Tatyana Maldonado, 15, Platt High School, Meriden
Personally, I think it’s terrible that we’ve all normalized it. No one would be surprised if their school did have a shooting. I think it’s good that we stand up and protest against this, so that it doesn’t happen.
Jailine Carrero, 15, Francis T Maloney High School, Meriden
I think it’s just awful that so many kids have lost their lives. That they had such great futures ahead of them. I want to be a trauma surgeon, and I’m just thinking about all those other people that could become something to save other people’s lives. Instead, we’re taking those lives … of the innocent. And I just think that’s awful.
Elizabeth Brown, 23, who described herself as a proud product of Connecticut's elementary and high schools
I was a freshman in college when Sandy Hook happened. I just remember staring at my computer watching the live feed of the news. I was up in Maine at the time, and I was just stunned. That was just a year removed from me. And it was so terrifying, that that could have been me.
I remember my mom calling me, and being like: Oh my god, are you okay? Even though I was in a whole other state. It was crazy. And I think that the fact that this is still happening six years later is obscene. So that’s why I’m here.
Jo Schaller, Police Officer with the Connecticut State Attorney’s Office, Durham
I’m a gun owner and I’m a Second Amendment Person—I don’t have a problem with the Second Amendment. But there’s nothing about the Second Amendment that … it doesn’t mean that guns can’t be regulated. And guns should be regulated. There’s no reason why—these are instruments of war. People don’t need them in their homes. People are telling you that they need these rifles to protect their homes, they’re lying. They don’t need those guns.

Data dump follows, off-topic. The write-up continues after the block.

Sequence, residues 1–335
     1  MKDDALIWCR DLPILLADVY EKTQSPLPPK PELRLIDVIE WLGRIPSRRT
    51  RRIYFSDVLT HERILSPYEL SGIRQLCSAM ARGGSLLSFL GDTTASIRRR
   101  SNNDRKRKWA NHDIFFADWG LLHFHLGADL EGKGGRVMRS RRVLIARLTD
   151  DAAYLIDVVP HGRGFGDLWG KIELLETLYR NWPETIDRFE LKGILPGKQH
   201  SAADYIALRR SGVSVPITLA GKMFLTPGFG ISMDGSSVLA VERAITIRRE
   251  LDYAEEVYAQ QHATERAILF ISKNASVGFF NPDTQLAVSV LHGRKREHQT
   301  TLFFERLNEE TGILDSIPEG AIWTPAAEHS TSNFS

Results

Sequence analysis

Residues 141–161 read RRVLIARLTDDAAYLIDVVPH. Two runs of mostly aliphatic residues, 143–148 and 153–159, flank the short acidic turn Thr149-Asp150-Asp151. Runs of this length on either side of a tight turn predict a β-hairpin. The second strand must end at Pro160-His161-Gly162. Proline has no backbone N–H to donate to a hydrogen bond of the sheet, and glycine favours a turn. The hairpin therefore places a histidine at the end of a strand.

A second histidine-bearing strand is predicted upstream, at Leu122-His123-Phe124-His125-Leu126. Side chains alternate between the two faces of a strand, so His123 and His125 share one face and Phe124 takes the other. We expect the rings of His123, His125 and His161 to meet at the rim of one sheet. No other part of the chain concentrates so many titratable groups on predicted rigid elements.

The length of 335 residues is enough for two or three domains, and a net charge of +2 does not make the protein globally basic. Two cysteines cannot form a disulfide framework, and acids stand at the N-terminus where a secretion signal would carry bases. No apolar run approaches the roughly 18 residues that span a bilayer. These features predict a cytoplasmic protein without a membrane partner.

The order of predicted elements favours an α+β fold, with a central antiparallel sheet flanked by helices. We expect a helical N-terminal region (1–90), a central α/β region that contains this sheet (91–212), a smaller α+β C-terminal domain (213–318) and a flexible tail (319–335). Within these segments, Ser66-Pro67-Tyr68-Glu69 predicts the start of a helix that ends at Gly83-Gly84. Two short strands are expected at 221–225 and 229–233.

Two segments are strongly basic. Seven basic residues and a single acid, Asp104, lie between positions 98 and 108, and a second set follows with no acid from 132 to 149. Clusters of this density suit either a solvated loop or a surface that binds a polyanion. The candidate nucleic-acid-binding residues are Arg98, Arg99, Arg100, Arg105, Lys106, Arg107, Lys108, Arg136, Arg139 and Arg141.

I’m fine with the Second Amendment, but there should be reasonable gun control. There should be universal background checks. Dangerous people shouldn’t have weapons of war. People say: ‘Oh, more gun laws aren’t going to stop the problem.’ Well then, why do we have any laws?
Marisol Feliciano, Violence and Injury Prevention Specialist, St. Francis Hospital, Hartford
I’m here from a different perspective. We see gun violence victims in our emergency departments every day. It doesn’t matter that it’s the city of Hartford. I’m here, and everyone else is here, because now these teens have gathered us together.
This political thing aside, we are not saying no to guns. We’re saying: If you’re gonna own a gun, properly store it. Or if you have a gun in a home, it should not be in a home that somebody’s violent or where somebody is suffering from some mental illness. So the conversation has to happen, and people have to take the politics aside from this.